A gaseous mixture comprising 5.5% of carbon monoxide, 2000ppm of hydrocarbons, 6.0% of oxygen and other matter is passed through the catalyst carrier obtained in this Example 1 at a velocity of 10,000 gas volume per hour per catalyst carrier. The oxidation initiating temperature and the complete oxidation temperature at this time are shown in the following Table 1.
TABLE 1______________________________________ OXIDATION COMPLETE INITIATING OXIDATIONCOMPOSITION CON- TEMP. TEMP.OF GAS TENT (° C) (° V)______________________________________Carbon dioxide 7.0 -- --Carbon dioxide 5.5 40 120Oxygen 6.0 -- --Hydrogen 1.5 30 70Hydrocarbons 2000 ppm 120 310Methanol 1500 ppm 25 80Nitrogen remainder -- --______________________________________REMARKS Space velocity 1 × 104 hour.sup.-1______________________________________
As the heat-resistant glass comprising silica with an extremely low alkali content as the main component, mentioned in Example 1, a chemically and thermally stable quartz glass or special glass may be used, but the quartz glass is poor in workability due to its high melting point, and is expensive.
In this Example 2, therefore, the woven fabric or net-like fabric mentioned in Example 1 is made using an inexpensive glass fiber having a low melting point and excellent workability, and then the fabric is treated with hydrochloric acid or sulfuric acid to remove the soluble components therefrom. The resultant highly heat-resistant silica glass of high silica content is subjected to a heat treatment and then submitted to the process described in Example 1, whereby, an inexpensive catalyst-containing carrier is obtained.
The mesh size of the carrier cloth, according to the invention, is determined from the conversion efficiency of a catalyst and the pressure drop of exhaust gas flowing through a catalyst bed.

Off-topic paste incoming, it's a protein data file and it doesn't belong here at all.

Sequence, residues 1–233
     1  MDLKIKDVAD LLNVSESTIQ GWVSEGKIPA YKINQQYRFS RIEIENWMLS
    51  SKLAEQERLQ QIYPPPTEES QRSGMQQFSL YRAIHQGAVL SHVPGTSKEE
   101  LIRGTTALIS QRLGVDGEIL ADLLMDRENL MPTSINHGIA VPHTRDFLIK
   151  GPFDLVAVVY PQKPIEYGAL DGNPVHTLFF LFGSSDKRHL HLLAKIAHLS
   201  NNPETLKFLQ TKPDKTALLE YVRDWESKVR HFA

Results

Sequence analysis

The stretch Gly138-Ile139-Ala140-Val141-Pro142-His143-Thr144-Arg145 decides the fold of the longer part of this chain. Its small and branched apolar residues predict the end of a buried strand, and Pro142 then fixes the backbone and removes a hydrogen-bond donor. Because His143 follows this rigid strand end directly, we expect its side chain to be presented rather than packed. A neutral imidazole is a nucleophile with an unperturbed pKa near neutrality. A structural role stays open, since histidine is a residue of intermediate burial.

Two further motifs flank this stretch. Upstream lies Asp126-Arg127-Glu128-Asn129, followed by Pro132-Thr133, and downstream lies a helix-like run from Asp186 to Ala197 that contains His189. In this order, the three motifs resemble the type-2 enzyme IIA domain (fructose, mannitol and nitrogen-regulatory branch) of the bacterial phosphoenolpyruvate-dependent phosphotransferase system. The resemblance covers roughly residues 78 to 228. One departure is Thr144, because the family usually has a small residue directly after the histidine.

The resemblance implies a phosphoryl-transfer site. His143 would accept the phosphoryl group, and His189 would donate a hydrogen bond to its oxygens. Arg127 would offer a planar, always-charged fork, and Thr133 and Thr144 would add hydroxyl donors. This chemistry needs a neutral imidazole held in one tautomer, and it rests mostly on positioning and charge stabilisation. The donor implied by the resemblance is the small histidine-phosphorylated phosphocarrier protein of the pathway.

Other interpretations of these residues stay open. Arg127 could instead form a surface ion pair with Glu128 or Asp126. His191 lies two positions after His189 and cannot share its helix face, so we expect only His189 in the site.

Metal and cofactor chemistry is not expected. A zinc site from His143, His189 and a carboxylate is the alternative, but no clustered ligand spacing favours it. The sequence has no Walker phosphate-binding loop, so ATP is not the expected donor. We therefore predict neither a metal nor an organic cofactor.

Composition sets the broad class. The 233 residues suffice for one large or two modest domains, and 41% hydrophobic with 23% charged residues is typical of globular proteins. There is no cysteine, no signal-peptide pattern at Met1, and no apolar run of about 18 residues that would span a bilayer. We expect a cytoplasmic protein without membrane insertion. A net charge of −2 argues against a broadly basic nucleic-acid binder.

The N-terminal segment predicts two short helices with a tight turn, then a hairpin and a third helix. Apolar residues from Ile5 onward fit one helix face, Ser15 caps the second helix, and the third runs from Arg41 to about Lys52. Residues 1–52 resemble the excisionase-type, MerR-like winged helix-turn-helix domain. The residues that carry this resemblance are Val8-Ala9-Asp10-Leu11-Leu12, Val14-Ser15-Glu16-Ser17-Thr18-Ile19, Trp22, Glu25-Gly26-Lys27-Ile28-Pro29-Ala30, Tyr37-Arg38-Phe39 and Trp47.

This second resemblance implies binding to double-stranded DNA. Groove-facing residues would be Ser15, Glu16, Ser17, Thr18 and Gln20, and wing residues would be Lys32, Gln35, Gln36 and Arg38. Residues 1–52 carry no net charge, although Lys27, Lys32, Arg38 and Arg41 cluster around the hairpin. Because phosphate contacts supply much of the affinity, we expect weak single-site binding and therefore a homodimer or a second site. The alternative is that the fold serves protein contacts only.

Table 2 shows experimental date of the effect of carrier mesh size on CO conversion efficiency and pressure drop through the catalyst bed.
TABLE 2______________________________________ PRESSUREMESH SIZE (TYLER CO CONVERSION DROPSTANDARD SIEVE) EFFICIENCY (%) (mm H2 O)______________________________________21/2 15 -- 5 48 810 68 2520 87 3032 93 6142 98 14348 93 320______________________________________
The above experimental data resulted from tests carried out using a tube furnace having an inner diameter of 35 mm and under the following conditions:
______________________________________CarrierDiameter of silica glass filament 9Catalyst bed 35 mm diameter × 15 layersInlet gasTemperature 300° C.Composition CO2 1.15% HC -- O2 4.7% CO2 11.3% H2 O 10.0% N2 Remaining______________________________________
It is seen from Table 2 that the CO conversion efficiency of the catalyst is practically very low when the mesh size is under 3.5 Tyler standard sieve, and that the pressure drop of the catalyst bed goes up very steeply, exceeding the practical range, when the mesh size of the carrier is over 32 Tyler standard sieve.
From the above considerations, the optimum mesh size is determined between 3.5 and 32 Tyler standard sieve.
A durable continuous silica glass filament having a diameter of under 3μ was not available practically. A silica glass filament having a diameter of about 40μ did not have enough flexibility to be exposed in pulsating exhaust gas flow from an internal combustion engine. The defined range of the number of filaments per yarn was determined between 2,000 - 10,000 per yarn. It was found that a yarn with less than 2,000 filaments is too weak to weave into a cloth, and that a cloth woven from yearns each having more than 10,000 filaments is not suitable for practical use because of the lack of flexibility due to increased thickness of the cloth.